Judith A. Burnett, PhD, associate professor of counselor education at Stetson University, has been helping youth who are impacted by HIV/AIDS in Naivasha, Kenya in the Rift Valley Province, which is located northwest of Nairobi, collaboratively as a team member of Inua Partners in Hope for the past three years.
The nonprofit organization is a faith-based ministry that works to expand the opportunities of orphaned and vulnerable youth. Many of the youth have lost their parents to HIV or AIDS. Inua, which means to lift together, raise up or elevate in Swahili, helps them overcome poverty, malnutrition and illness in order to become self-sufficient and achieve long-term sustainability.
Youth are enrolled in the two-year Inua Partners in Hope program, which includes mentors and embraces the well-being of the whole child by focusing on life skills and the eight dimensions of wellness: emotional wellness, physical wellness, social wellness, occupational wellness, spiritual wellness, intellectual wellness, environmental wellness and financial wellness.
Mothers who are infected with HIV or AIDS can transfer the disease to their children. The program provides the youth with reproductive health information as part of their life-skills training, so they can receive education about the subject, medication and support if they are infected with the disease.
Dr. Burnett is an expert in reproductive health and felt her background and research could make a difference with the Kenyan youth.
Discussing reproductive health is a challenging subject, but Dr. Burnett is in the process of developing training that is culturally meaningful and relatable to both men and women.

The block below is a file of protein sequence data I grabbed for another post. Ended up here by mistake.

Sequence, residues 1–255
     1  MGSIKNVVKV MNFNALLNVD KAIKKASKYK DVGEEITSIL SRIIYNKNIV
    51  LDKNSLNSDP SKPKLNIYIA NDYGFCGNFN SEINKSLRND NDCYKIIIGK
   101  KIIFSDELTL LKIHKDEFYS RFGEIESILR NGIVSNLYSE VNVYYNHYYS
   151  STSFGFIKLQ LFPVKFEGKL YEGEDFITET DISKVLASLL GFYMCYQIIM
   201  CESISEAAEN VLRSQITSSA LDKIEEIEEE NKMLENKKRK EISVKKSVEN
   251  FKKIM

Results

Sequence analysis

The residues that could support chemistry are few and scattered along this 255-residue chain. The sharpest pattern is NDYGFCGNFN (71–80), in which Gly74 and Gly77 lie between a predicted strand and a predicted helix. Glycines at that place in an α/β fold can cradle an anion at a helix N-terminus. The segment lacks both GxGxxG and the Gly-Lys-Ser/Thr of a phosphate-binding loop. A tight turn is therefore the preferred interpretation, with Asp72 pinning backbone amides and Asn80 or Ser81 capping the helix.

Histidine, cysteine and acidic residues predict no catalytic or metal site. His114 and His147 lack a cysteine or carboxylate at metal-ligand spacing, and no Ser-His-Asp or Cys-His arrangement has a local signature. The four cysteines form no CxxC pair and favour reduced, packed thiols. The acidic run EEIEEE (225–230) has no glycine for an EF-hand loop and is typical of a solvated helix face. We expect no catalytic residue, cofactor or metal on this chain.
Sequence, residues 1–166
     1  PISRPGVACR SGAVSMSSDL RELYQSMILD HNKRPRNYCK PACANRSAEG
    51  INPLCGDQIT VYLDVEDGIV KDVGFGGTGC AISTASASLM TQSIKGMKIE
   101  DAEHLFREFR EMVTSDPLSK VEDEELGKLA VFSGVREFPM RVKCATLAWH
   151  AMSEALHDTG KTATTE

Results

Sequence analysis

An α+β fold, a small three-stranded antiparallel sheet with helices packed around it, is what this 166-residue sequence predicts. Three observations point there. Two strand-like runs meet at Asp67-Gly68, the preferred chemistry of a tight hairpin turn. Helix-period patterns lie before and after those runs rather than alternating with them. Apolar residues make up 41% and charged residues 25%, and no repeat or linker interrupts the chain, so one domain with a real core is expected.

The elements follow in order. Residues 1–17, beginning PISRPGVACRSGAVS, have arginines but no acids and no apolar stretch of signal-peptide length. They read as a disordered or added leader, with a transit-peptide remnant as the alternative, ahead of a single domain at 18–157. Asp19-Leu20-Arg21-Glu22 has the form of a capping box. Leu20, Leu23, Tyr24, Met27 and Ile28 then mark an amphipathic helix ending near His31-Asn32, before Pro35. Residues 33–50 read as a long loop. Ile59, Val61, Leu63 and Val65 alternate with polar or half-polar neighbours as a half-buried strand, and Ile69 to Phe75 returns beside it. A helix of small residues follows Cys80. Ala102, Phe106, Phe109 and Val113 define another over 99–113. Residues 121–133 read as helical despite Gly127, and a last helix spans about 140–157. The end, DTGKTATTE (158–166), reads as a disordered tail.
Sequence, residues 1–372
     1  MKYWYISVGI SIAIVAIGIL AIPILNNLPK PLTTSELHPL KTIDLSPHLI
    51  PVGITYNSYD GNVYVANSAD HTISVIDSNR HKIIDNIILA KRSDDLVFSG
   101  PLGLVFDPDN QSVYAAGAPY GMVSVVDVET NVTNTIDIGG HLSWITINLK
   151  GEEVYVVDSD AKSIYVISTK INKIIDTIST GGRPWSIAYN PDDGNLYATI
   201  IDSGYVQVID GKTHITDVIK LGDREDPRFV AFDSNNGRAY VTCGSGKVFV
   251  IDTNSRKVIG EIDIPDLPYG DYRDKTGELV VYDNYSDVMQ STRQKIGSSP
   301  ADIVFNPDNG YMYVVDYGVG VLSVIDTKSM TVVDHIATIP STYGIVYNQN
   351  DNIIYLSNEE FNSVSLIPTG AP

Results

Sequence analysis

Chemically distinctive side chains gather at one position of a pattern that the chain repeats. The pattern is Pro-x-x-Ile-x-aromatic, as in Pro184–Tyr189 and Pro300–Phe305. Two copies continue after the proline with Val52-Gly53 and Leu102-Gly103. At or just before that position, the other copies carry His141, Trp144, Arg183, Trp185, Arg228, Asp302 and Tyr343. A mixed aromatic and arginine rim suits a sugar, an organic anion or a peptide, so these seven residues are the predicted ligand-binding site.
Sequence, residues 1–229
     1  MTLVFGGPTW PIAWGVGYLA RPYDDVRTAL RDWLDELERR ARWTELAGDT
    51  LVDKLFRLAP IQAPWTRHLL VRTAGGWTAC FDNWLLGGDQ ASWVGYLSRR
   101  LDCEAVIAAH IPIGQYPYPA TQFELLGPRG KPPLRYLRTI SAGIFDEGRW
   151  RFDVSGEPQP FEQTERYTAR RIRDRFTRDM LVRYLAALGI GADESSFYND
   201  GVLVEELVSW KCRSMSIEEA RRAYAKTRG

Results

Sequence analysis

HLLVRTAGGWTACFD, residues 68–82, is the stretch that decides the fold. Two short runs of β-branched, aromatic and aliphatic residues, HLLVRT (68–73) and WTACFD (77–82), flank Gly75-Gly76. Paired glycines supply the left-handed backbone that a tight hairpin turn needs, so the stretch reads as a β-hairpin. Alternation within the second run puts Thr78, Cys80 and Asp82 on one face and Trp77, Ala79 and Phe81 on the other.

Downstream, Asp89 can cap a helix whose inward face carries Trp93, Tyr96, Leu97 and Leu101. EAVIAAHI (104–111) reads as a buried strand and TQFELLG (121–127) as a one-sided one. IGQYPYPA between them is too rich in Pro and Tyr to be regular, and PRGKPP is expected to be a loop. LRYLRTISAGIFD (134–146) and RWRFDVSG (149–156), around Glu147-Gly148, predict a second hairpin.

In August, clinical mental health master’s student Joey Lynn Jachec, who is the project’s research assistant, delivered to the Kenyan team the collaboratively-designed mentor training curriculum and had an opportunity to attend a graduation ceremony. The opportunity was a life-changing experience where she was able to hear the graduates’ success stories and learn how Inua Partners in Hope provided them with the tools for success that helped them find a career and become self-sufficient.
There were 200 youth who participated in the program during the last youth program cycle. At the end of the program, 181 completed the graduation assessment.
Since the Inua Partners in Hope program began nine years ago, 437 youth have graduated and more than 2,000 youth have been impacted, which includes the graduates’ siblings and children.
Dr. Burnett and Joey Lynn discussed their Inua Partners in Hope involvement and the mental health curriculum for youth in Naivasha, Kenya during a presentation at the Webster Vienna Private University in Vienna, Austria in October. The presentation was well-received during the conference, which was hosted by the European branch of the American Counseling Association.